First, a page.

The neck holds the upper part of your spine and is part of a long, flexible column known as the spinal column. There are 24 connected bones (or vertebrae) that comprise this column. The seven bones in the neck are known as the cervical spine. Each vertebra is separated by a cushion called an intervertebral disc. The outer ring of the disc is the annulus and the nucleus is the spongy center. The annulus acts as a gasket with the purpose of keeping the nucleus moist. Due to their soft, gelatinous centers, the intervertebral discs serve as shock absorbers, preventing the rubbing of onevertebra against another. These cushions also allow flexibility of the cervical spine so that the head can be turned freely.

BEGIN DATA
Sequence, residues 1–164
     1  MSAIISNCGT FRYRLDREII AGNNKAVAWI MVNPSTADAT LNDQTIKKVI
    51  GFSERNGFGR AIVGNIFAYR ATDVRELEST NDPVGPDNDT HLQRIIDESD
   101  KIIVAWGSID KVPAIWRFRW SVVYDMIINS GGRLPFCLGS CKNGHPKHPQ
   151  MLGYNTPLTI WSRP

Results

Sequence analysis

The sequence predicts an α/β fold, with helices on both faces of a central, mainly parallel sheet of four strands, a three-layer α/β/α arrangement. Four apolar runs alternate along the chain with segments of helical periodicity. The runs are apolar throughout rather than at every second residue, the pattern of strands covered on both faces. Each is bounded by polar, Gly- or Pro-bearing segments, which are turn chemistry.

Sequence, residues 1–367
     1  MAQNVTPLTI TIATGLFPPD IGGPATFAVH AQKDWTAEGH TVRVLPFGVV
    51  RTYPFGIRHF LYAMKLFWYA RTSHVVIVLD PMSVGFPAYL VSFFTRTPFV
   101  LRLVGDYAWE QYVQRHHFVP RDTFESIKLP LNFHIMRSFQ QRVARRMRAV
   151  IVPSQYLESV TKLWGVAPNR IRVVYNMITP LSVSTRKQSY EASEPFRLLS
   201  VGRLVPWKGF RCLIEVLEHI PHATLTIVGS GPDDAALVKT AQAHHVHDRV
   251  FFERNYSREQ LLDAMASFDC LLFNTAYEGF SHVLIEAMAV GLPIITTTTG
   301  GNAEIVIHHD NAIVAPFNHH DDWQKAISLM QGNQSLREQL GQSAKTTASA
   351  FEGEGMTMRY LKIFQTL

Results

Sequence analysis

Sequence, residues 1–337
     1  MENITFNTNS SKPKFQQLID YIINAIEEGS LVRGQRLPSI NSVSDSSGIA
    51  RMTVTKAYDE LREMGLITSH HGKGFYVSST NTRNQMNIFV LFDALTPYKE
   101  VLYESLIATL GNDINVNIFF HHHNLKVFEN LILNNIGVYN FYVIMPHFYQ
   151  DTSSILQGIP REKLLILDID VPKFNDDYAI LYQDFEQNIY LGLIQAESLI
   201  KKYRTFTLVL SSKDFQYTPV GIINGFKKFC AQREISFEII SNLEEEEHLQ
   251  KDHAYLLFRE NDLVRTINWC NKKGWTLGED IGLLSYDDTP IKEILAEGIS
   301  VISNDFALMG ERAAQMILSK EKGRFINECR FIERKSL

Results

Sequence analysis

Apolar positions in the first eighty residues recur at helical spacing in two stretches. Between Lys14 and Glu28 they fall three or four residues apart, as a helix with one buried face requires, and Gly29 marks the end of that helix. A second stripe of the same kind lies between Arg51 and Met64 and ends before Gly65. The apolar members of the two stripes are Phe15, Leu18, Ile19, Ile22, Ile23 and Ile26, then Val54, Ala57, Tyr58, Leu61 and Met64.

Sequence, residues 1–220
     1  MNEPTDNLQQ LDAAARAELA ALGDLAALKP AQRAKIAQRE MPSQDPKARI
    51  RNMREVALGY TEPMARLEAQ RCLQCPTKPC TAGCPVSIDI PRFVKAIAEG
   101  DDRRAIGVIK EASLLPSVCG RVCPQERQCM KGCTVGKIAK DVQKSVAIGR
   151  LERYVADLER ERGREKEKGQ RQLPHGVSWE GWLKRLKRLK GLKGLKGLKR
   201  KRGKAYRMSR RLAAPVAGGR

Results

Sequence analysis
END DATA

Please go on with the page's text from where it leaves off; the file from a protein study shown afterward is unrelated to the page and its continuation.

The spinal canal houses the nerve bundles and spinal cord. The cord is bathed in cerebrospinal fluid, or CSF. This fluid circulates through the spine and brain, and is covered by several protective membranes. At each level, or building block of bone, a pair of spinal nerves exits-one to the left, and one to the right, through a small opening called a foramen. These nerves relay messages to and from the brain, allowing for movement of our bodies and our ability to feel sensations. The nerves that exit through the cervical spine affect the neck, arms, shoulders, and hands. In addition, ligaments and muscles are attached to vertebrae and support nerves and spinal cord.